Clinical decisions related to CBC screening of asymptomatic full-term infants at risk for group B streptococcus disease
Objective. Although complete blood count (CBC) changes occur with the development of clinical sepsis in newborns, the CBC has not been reported to be a sensitive predictor of sepsis in asymptomatic full-term newborn infants, nor has it been reported to be related to risk factors for sepsis or clinical decisions. The objective of this study was to evaluate the relationship between the WBC/I:T (immature:total neutrophil) ratio and maternal group B streptococcal (GBS) risk factors (rupture of membranes ≥18 hours, maternal temperature ≥100.4°F, maternal age ≤20 years, previous infant with invasive GBS disease, maternal GBS bacteriuria, and black ethnicity); and to evaluate the relationship between the WBC/I:T ratios and providers' clinical decisions (observe versus repeat the CBC or complete sepsis evaluation) in the asymptomatic full-term newborn at risk for early-onset GBS sepsis. Methods. Medical records of infants admitted to the well baby nursery at a tertiary care teaching hospital in Houston, TX between 1/1/99 and 12/31/00 whose gestational ages were ≥35 weeks; who had mothers with GBS positive or unknown culture status and inadequate intrapartum antibiotic prophylaxis; and who had screening CBCs performed in the first 30 hours of life because of GBS risk were reviewed (n = 412). Demographic information, maternal GBS risk factors, CBC results, clinical decisions, and rationales for clinical decisions were collected. Results. With the exception of black ethnicity (p = .0000, odds ratio = 0.213), no statistically significant differences in risk factors between infants with normal and abnormal WBC counts or normal and abnormal I:T ratios were found. Infants with abnormal WBCs had a significantly higher likelihood of having a CBC repeated (p = 0.002 for WBC). Providers documented the CBC result in the rationale for clinical decisions in 62% of the cases. Conclusion. The CBC results were not related to maternal risk factors for GBS except for ethnicity. Black infants had significantly lower WBC levels than infants of other ethnicities, although this difference was clinically insignificant. Infants with abnormal WBCs had a significantly higher likelihood of undergoing repeat CBCs but not sepsis evaluations. Provider rationale was difficult to evaluate due to insufficient documentation. The screening CBC result did not impact the clinicians' decisions to initiate sepsis evaluations in this population.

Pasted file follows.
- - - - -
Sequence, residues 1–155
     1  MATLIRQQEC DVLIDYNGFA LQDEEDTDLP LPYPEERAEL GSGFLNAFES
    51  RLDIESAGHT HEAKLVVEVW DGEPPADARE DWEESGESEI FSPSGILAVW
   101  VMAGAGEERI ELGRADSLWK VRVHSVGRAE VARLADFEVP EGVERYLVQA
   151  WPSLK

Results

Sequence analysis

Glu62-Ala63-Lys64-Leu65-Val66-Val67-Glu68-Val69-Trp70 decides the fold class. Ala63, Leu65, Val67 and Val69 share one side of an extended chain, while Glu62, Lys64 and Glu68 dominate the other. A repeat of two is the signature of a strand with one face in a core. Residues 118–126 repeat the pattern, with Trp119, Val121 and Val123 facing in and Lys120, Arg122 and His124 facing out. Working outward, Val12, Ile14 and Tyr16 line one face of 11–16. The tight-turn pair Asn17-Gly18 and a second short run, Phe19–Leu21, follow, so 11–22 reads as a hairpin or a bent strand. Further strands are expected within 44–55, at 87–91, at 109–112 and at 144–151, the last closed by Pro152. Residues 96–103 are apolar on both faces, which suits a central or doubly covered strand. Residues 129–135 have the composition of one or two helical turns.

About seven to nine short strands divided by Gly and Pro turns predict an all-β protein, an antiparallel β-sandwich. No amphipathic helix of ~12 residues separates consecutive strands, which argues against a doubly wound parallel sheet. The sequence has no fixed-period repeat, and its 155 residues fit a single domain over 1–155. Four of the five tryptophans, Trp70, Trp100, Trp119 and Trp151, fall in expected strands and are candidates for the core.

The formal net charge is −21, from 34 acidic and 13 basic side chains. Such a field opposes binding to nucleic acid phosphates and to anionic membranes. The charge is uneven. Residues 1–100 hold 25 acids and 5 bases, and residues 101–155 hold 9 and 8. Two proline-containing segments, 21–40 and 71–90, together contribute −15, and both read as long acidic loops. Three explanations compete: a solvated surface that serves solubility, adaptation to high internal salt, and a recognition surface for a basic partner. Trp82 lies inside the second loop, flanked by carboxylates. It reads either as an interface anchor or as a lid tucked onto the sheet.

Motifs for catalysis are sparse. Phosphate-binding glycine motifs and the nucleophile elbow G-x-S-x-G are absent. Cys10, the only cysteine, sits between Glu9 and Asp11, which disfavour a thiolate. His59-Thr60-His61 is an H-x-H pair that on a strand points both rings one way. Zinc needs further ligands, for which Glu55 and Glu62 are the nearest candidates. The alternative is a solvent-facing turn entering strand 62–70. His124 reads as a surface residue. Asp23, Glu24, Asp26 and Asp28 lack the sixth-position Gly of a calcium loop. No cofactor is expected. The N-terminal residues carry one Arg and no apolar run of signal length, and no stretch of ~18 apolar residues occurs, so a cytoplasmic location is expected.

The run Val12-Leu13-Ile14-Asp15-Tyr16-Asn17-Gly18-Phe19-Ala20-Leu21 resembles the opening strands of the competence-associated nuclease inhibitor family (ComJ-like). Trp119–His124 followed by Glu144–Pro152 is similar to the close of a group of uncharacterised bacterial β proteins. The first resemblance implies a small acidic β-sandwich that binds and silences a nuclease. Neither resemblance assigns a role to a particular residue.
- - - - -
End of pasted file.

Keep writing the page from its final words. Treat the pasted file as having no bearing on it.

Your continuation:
Parks, Deborah Kay, "Clinical decisions related to CBC screening of asymptomatic full-term infants at risk for group B streptococcus disease" (2001). Texas Medical Center Dissertations (via ProQuest). AAI3003093.